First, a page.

Why Ogoni cleanup project will outlive Buhari administration – FG

President Muhammadu Buhari

The federal government, Monday, said the ongoing remediation of Ogoniland would continue, and indeed, outlive the present administration of President Muhammadu Buhari, assuring of stronger institution being put in place towards the completion of the project.

The government, which hinted of the extremely commitment to immediate completion of the project, however, said the work would not be completed in the next 10 years.

The Minister of State for Environment, Sharon Ikeazor, who spoke at a ministerial press briefing on environment sector and priority areas of her ministry in Abuja, Monday, disclosed that the total volume of contaminated soil to be remediated was 5,354,766 cubic meters over an area of about 314 acres.

“As of January 2022, bidding for additional 37 hydrocarbon impacted sites is in progress. The total volume of contaminated soil to be remediated is 5,354,766 cubic meters over an area of about 314 acres,” she said.

Responding to question on when the government would round off the cleanup of the Ogoniland, the minister who said there was no deadline said: “We are accelerating the implementation of Ogoni cleanup and all the recommendations of UNEP that was not carried out, like the Centre of Excellence and Remediation Centre, Water Project and Alternative Livelihood Status, are all being implemented to the letter.

“We are extremely committed, our administration is ending in a year and half but we are putting a stronger institution in place to make sure that the implementation of the Ogoni cleanup continues. It is not a project that can end in ten years. There are vast areas of pollution but we are sure it will be completed,” she said.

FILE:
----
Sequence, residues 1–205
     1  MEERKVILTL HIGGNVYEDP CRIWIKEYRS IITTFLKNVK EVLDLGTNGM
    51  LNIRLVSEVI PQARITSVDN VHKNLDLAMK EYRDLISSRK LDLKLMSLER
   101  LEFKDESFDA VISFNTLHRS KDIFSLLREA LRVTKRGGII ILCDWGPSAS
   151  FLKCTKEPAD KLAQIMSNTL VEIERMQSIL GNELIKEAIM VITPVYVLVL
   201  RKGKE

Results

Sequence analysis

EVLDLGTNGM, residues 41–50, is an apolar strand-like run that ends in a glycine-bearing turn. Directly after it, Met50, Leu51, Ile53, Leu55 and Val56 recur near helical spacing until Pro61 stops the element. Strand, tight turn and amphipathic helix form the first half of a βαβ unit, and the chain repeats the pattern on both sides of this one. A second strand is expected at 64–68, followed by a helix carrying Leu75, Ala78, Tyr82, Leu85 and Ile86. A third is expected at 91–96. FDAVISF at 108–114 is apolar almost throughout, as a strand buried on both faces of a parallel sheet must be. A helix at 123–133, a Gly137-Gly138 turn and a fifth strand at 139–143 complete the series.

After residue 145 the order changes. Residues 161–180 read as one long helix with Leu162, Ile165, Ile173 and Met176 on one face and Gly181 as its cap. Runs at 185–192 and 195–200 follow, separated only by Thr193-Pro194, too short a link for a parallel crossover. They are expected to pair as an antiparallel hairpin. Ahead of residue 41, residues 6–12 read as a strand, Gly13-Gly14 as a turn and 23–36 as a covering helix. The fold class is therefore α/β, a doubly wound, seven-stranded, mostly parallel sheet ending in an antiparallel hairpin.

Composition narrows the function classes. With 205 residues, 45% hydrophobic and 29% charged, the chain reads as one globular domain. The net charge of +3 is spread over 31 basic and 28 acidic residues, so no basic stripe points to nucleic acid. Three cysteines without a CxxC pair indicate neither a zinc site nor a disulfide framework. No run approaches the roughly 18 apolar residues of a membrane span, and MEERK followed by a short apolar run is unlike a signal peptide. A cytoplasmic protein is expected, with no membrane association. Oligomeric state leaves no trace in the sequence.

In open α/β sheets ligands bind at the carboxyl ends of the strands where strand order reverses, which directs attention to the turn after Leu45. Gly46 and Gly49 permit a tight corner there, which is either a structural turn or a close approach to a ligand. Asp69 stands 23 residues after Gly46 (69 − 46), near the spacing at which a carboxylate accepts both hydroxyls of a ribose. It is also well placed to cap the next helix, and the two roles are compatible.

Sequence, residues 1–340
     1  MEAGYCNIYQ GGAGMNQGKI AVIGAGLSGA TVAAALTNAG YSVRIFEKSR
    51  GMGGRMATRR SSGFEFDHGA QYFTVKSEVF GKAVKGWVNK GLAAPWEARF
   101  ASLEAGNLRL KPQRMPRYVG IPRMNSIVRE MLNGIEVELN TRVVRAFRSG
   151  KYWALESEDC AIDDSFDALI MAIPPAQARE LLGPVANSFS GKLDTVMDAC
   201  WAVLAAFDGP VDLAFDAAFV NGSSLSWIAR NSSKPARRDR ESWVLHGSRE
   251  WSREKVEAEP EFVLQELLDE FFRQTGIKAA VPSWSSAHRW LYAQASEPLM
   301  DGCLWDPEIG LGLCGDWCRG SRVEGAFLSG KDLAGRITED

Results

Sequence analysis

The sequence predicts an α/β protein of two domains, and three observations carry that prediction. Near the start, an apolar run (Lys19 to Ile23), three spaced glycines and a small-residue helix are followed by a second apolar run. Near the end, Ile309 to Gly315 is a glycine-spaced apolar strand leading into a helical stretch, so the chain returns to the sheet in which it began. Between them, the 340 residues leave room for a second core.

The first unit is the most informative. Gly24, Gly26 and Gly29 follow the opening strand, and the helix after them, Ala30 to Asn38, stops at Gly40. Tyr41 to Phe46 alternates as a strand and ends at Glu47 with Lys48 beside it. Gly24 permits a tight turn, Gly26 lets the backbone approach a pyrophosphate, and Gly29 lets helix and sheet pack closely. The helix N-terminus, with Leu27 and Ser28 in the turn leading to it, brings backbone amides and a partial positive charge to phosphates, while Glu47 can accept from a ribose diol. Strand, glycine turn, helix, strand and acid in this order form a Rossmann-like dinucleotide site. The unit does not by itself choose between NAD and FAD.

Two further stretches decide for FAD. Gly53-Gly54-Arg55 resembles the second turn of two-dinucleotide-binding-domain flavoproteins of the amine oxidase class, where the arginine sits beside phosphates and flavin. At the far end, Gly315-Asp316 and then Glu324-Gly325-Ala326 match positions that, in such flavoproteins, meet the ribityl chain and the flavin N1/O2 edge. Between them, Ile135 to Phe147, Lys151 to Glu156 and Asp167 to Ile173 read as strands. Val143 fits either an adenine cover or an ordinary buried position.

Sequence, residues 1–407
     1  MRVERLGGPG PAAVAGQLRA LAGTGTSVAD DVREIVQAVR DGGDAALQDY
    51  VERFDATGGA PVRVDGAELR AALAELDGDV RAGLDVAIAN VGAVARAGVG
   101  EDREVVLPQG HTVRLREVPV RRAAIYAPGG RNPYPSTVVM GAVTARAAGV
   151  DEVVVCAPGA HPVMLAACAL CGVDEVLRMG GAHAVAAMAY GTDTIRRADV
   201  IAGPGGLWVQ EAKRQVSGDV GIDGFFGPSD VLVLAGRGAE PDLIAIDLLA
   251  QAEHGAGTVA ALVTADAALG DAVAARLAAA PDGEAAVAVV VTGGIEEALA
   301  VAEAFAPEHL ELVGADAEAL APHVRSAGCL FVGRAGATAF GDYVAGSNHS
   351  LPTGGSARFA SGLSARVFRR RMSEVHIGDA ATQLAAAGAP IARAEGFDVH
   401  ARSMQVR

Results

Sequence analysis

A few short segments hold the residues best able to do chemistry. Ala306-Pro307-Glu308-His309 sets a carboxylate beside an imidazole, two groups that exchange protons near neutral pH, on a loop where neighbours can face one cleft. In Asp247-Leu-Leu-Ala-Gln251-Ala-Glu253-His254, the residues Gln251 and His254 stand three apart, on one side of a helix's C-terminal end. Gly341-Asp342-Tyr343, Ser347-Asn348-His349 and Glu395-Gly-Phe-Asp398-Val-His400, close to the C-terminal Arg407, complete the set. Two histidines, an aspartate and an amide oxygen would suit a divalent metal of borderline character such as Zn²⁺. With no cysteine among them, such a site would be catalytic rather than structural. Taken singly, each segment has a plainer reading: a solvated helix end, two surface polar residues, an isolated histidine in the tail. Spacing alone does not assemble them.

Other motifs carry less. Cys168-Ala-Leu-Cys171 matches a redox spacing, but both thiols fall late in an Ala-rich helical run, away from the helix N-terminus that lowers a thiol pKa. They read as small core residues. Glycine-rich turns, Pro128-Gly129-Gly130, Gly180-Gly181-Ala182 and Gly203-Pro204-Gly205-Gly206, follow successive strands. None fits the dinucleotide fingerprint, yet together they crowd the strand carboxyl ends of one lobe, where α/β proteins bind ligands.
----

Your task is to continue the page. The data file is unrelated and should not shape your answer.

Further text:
On what her ministry was doing to ensure the smooth cooperation between the federal government and the people of Ogoniland, the minister said: “We have stakeholders’ engagement where I go down to Ogoniland every quarter

to meet with the people in their local government communities and that is how it has been building trust between government and the people.

“We want to see a situation where the project would be taken over by the people and they will get the benefits of those projects.”

Explaining that the United Nations Environment Programme (UNEP) was still part of the system, Ikeazor said, “The ministry is accelerating the remediation project, expanding on the livelihood programme of the hydrocarbon impacted communities. Preliminary remediation activities had commenced in early 2018, and work is at various stages of the remediation processes, with successes despite delays encountered.”

Continuing, Ikeazor said: “Contracts for 21 lots were in 2019 awarded for remediation, covering 12 of the 65 listed sites in the UNEP Report; explaining that the lots covered an area of 276 acres.

“To date 18 of these lots have been completed and certified by NOSDRA. Three of the lots are currently undergoing certification process and one lot is still undergoing remediation.

According to Ikeazor, “The impacts of the remediation effort have produced remarkable employment and livelihood opportunities among Ogoni youths. So far, a total of 1,337 persons have been trained, employed, and earned income to support their livelihood, thereby enhancing local economy.”

Speaking on the livelihood support status of the project, the minister said alternative livelihood development for Ogoni youths, women and able men as well as physically challenged is also a key activity recommended in the UNEP report.

“Both artisanal refiners and other youths are entitled to be given the opportunity to develop and expand their existing skills or acquire new skill sets to build their capacity and empowerment,” she stated.

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